Joseph Mathunjwa: There is light at the end of the tunnel

2014-06-13 10:17

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Amcu leader Joseph Mathunjwa said today a wage deal with the world’s top three platinum producers was imminent, signalling a possible end to the country’s longest mining strike.

Workers from the Association of Mineworkers and Construction Union (Amcu) begged Mathunjwa yesterday to end a five-month stalemate and sign the latest offer – an increase of about 20%, or R1 000 rand a month.

Mathunjwa told Joburg radio he hoped to meet with leaders of Lonmin, Anglo American Platinum and Impala Platinum later today or over the weekend to relay the response of his members to their offer.

“At least there is light at the end of the tunnel, which is not the light of a goods train,” he told Talk Radio 702.

The major outstanding sticking point was whether the wage deal should stretch over three or five years, he said.

“We are in quite a sensitive stage of trying to resolve this and reach an agreement. We won't do things haphazardly,” he said.

South Africa is home to 80% of the world’s known platinum reserves and the strike has halted production at mines that usually account for 40% of global output of the precious metal.

The strike by the 70 000 Amcu members began in January and dragged Africa’s most advanced economy into contraction in the first quarter as mining output fell at the steepest rate in half a century, pulling manufacturing down with it.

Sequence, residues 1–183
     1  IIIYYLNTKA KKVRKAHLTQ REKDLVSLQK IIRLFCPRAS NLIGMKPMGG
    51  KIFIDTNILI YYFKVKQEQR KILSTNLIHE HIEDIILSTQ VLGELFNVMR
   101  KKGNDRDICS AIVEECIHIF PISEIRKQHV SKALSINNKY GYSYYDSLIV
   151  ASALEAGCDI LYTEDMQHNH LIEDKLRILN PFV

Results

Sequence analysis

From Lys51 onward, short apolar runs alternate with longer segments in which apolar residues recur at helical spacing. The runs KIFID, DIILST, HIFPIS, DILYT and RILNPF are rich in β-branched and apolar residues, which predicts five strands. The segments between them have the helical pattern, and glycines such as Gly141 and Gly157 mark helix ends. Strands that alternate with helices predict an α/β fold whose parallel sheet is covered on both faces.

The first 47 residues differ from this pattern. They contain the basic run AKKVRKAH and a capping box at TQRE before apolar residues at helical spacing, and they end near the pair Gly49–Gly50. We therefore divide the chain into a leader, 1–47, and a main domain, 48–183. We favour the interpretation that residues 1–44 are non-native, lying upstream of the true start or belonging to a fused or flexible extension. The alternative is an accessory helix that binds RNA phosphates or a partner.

Ratings agency Fitch changed its outlook on South Africa to negative from stable today, partly due to the impact of the strike. Standard and Poor’s is also expected to adjust its rating after local markets close.

Even if a deal is agreed, platinum producers face renewed financial challenges after suffering huge revenue losses in the strike and with the prospect of paying increased salaries, while restarting mines which have lain dormant for five months.

According to a website run by the three companies, the strike has so far cost them R22 billion in revenue, while workers have lost nearly R10 billion in wages.

“There is no discounting it has been a very damaging strike,” Implats spokesperson Johan Theron told broadcaster SAfm, noting that job losses might follow after a review of the profitability of mines.

“To get all of these workers back through health and safety protocols underground and to fire up all the machinery is an enormous task,” Theron said.

Shares in Anglo American gained 2% this morning, while Impala Platinum rose nearly 1%.

Lonmin, which is the most exposed to the strike, edged up 0.4%, after jumping 9% in the previous session.

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